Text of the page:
The peoples of the world, whatever their economic and cultural wealth may be, must be equal before the law. No culture can claim to be preeminent, or consider itself the beacon of the world. The Liberty whose statute lights up the world at the entrance to the Hudson Bay belongs to all nations, and none may claim to be superior, even it momentarily enjoys economic and military superiority over the others.
France would do well to remember her intellectual heritage of the “Enlightenment”, and the level of worldwide prestige which General de Gaulle brought her to, by refusing to align France with any bloc – at a time when it was much more difficult to leave NATO than now; he defended the right of all peoples to decide their own destiny, and advocated understanding among all the nations of the globe that welcomed him during his many trips around the world, because he was familiar with the various cultures, and wherever he went – in Asia, in Africa, in Latin America, he proposed to respect all men and women with their differences. That is also what guided his wish to build a Europe of nations that would preserve their specific characteristics and their sovereignty. That Europe, in his view, was supposed to open up to wide-ranging cooperation with Russia and beyond.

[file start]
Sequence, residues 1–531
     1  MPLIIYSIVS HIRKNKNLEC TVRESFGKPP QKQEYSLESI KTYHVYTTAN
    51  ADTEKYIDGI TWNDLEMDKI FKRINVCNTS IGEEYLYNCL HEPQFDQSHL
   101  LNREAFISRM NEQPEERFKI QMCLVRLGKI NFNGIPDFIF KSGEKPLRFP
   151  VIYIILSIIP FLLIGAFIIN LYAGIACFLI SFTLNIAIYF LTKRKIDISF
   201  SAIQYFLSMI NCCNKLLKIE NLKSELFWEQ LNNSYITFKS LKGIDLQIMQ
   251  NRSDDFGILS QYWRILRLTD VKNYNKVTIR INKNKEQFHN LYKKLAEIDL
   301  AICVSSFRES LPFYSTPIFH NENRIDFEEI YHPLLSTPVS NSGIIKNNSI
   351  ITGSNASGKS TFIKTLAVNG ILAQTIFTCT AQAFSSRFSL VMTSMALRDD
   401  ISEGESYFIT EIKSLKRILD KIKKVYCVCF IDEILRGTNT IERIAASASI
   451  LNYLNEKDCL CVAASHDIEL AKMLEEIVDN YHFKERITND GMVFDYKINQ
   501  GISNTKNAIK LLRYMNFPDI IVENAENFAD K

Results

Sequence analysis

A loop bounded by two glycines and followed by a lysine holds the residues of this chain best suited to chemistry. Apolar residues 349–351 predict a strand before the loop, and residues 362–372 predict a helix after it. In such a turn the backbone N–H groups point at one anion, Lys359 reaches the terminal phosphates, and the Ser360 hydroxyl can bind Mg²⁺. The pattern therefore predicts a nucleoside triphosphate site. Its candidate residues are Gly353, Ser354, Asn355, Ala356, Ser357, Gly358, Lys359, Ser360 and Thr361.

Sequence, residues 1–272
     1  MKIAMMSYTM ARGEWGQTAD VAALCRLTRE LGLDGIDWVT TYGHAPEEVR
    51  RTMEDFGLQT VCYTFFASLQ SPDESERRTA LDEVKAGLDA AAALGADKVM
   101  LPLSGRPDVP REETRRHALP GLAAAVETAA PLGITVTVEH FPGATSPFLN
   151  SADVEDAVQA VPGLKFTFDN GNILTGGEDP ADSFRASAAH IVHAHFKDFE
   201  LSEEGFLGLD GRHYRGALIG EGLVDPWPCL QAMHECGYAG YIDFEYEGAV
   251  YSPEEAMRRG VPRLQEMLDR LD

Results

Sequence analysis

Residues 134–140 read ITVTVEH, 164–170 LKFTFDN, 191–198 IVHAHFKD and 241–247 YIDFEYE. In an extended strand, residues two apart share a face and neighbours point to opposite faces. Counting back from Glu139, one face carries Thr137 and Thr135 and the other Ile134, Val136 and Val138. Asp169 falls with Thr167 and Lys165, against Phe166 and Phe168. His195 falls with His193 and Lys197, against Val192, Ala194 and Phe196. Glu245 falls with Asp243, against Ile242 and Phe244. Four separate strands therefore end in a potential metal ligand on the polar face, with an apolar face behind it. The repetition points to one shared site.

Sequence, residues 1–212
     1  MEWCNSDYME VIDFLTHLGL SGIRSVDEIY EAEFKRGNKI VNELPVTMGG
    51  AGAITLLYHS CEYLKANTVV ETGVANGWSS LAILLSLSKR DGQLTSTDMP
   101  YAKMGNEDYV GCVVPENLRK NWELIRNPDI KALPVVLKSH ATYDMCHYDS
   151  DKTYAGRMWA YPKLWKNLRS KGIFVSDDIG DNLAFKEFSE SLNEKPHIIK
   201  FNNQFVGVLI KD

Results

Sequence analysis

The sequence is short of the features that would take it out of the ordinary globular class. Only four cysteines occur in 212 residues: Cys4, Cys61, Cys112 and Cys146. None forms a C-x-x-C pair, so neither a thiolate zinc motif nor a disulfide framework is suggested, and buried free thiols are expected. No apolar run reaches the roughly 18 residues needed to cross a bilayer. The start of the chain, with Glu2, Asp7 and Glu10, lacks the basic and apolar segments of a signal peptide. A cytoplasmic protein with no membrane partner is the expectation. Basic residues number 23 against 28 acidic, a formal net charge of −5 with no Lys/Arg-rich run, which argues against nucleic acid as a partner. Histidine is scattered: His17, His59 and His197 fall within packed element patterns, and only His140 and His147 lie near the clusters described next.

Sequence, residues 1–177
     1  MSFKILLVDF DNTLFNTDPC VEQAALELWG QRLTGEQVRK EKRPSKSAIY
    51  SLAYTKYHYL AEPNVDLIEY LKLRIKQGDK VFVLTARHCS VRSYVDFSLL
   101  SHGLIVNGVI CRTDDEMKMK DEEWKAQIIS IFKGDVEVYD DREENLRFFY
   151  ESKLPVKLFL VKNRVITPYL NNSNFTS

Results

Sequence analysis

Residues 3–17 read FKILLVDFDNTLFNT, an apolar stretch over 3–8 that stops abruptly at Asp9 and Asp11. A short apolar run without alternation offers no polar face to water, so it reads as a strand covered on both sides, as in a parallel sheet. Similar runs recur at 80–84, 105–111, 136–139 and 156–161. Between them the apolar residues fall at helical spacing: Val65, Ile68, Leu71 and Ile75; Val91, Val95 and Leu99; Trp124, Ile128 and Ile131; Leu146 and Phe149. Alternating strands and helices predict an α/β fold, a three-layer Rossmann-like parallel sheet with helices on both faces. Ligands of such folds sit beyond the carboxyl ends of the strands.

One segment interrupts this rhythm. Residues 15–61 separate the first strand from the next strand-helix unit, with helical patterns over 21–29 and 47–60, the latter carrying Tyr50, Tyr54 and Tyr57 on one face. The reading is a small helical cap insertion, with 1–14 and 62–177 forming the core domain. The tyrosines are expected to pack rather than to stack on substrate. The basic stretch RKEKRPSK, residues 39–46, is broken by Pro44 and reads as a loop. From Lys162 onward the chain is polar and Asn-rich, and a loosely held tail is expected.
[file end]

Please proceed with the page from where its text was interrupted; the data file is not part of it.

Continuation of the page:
For us in France, who have the second Exclusive Economic Zone thanks to our overseas territories on all five continents, everything should incite us to follow a policy of world citizens, by maintaining relations based on respect, confidence and cooperation with all nations.
In that respect, the diplomatic choice our country has made to base its actions on the Sunni Arab monarchies that deny human rights completely, and to attack those countries that are fighting against the same Islamic terrorism that those monarchies support, is totally absurd and contrary to our historical tradition. What’s more, all experts agree that those reactionary regimes will not last long, faced with the threats of internal disputes, of the rise of different oppositions, and the remoteness of their American protector.
When democratically elected leaders come to power in the Arab peninsula, how will they judge our connivance with their former oppressors? If Israel has become their objective ally today, it is because the Israelis also fear the gradual withdrawal of a United States willing to end the “fitna” (dispute between Shia and Sunnis), and they have benefitted from the terrorism of a DAESH (ISIS) which has never threatened Israel. The sale of planes, ships and weapons system does not justify such a misalliance. Indeed, the United States is changing their policy in the Middle East by moving closer to Iran, and could eventually decide to fight more usefully against DAESH, whose sponsors they know well. One can understand why Israel and the peninsula’s Wahhabis are worried about being in the same leaky boat.
The wish for a world of peace was expressed many times by General de Gaulle, who anchored his prophetic visions in a profound philosophical reflection, which led him to deliver messages to the entire world, which the powerful people did not always appreciate, but which were supported by the peoples. Speaking to Mexican academics during his trip to Mexico in March 1954, he gave a philosophical and political message of striking modernity still today, 50 years later. I will read one short excerpt from that: